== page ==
Montana Had 54 Work-Related Fatalities In 2007


Helena, MT  (CompNewsNetwork) - The number of fatalities increased from 45 in 2006, according to the Census of Fatal Occupational Injuries (CFOI) study report released today by the Montana Department of Labor and Industry's Research and Analysis Bureau.

The fatality census, conducted throughout the nation, is part of a U.S. Bureau of Labor Statistics, Occupational Safety and Health Statistics program that provides a complete count of fatal work injuries in all 50 states and the District of Columbia. Fatality statistics are used to fulfill a commitment to increasing safety in the workplace.

Transportation incidents accounted for 37 (68.5 percent) of the 54 fatal occupational injuries to Montana workers during 2007. Contact with objects and fall incidences had 5 fatalities each (9 percent each).

Assaults and violent acts accounted for four (7 percent) of the fatalities and three (5.5 percent) fatalities were reported as a result of exposure to harmful substances or environments.

The agriculture, forestry and fishing industry and the transportation and warehousing industry led in fatal occupational injuries with 12 each of the 54 cases (22 percent each). The next highest industry was construction with ten (19 percent), followed by public information industry, and mining industry, with three fatal work injuries in each industry (5.5 percent each).

Thirty-seven (68.5 percent) of the employees who were fatally injured during 2007 worked for others, earning wages or salaries. Seventeen (31 percent) were self-employed workers -- including farmers and paid and unpaid family workers.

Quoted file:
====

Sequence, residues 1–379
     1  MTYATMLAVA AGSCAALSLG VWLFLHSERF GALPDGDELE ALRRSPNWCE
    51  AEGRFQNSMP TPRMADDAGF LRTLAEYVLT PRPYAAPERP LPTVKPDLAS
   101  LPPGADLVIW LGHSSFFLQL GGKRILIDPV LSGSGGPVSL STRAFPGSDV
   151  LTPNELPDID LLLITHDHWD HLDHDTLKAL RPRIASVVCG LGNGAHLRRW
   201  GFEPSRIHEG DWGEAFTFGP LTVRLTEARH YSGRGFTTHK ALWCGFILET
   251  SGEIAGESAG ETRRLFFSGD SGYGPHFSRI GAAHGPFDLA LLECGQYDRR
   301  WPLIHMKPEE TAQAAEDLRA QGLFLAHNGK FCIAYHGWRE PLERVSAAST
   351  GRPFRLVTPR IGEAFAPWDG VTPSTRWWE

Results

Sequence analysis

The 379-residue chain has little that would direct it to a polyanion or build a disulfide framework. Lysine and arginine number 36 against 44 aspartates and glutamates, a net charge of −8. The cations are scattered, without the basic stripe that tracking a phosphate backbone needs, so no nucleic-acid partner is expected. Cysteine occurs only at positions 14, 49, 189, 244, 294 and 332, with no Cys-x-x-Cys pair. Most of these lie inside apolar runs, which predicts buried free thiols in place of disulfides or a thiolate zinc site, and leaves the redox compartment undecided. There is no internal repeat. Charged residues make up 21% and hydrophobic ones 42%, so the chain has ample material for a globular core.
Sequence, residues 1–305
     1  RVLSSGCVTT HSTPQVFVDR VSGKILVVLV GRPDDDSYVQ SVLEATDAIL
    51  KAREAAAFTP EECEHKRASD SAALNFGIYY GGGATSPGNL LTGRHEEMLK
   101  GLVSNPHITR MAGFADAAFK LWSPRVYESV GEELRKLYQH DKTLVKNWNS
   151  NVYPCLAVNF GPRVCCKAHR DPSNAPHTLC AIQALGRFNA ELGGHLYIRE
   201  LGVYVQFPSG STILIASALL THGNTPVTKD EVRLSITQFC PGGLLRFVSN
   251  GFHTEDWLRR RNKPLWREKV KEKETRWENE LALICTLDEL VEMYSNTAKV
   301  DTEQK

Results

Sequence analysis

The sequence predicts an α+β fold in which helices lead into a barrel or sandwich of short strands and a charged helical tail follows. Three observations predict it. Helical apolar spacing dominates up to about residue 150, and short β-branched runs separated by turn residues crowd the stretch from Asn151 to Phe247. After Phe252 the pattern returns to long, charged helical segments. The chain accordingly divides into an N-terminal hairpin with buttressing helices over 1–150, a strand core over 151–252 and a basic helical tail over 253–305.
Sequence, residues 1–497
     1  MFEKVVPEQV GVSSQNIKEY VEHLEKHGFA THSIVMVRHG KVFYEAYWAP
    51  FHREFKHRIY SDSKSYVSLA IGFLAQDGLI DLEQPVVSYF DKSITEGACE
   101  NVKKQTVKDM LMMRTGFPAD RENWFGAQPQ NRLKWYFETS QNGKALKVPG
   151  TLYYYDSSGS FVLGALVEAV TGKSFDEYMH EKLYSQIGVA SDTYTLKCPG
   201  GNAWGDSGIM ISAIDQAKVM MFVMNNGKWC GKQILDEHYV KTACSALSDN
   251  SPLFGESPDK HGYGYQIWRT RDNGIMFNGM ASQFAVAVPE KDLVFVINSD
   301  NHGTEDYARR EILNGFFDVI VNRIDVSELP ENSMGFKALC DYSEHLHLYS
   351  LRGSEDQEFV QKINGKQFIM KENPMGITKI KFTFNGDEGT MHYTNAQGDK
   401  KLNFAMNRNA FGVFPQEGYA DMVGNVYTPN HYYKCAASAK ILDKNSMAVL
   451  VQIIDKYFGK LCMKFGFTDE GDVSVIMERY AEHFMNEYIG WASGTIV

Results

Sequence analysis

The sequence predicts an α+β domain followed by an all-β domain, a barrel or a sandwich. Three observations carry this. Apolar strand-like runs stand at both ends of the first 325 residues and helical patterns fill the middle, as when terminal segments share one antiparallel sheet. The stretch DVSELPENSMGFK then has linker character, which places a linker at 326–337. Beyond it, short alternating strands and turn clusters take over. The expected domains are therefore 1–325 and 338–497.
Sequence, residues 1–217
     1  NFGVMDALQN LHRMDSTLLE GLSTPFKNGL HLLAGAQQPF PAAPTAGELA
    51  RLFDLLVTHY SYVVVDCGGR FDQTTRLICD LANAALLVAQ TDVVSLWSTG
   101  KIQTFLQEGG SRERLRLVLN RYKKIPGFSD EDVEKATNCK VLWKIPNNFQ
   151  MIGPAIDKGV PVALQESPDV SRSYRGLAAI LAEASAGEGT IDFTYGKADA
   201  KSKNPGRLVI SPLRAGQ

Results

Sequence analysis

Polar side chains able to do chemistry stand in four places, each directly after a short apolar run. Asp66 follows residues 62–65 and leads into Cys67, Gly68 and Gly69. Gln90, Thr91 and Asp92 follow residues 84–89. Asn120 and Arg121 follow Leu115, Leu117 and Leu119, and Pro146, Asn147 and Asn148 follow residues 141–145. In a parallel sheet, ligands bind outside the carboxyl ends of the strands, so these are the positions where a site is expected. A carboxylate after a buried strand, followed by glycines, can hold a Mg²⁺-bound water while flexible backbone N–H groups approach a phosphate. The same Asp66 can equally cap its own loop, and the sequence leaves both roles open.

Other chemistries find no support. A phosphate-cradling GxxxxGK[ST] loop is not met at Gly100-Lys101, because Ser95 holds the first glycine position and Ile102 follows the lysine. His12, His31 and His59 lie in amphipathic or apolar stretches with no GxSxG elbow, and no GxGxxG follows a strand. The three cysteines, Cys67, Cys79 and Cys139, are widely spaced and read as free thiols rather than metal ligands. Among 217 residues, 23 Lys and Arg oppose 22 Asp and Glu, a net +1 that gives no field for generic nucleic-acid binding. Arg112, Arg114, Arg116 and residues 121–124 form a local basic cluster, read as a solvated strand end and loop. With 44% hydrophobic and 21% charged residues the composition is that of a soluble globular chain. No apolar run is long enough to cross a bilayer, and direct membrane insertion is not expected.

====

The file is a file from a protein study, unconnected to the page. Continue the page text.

Fatal workplace injuries were highest among the 45-54 and the 55-64 years category, with 13 deaths (24 percent) in each category. The 25-34 years category and the 35-44 years categories each had eight (15 percent) each of the fatalities. Age group of 65 years and older had six (11 percent) and the category of 20- 24 had five (9 percent).

Males accounted for 90 percent of Montana work-related fatalities in 2007.

The CFOI study includes data for all fatal work injuries, whether they are covered by the Occupational Safety and Health Act or other federal or state agency regulations, or are outside the scope of regulatory coverage.

Information on work-related illnesses is excluded from this census because of the latency period of many occupational illnesses and the resulting difficulties associated with linking illnesses to work.

For additional information, contact Peggy Coggeshall at the Department of Labor and Industry’s Research and Analysis Bureau, 406-444-2430.

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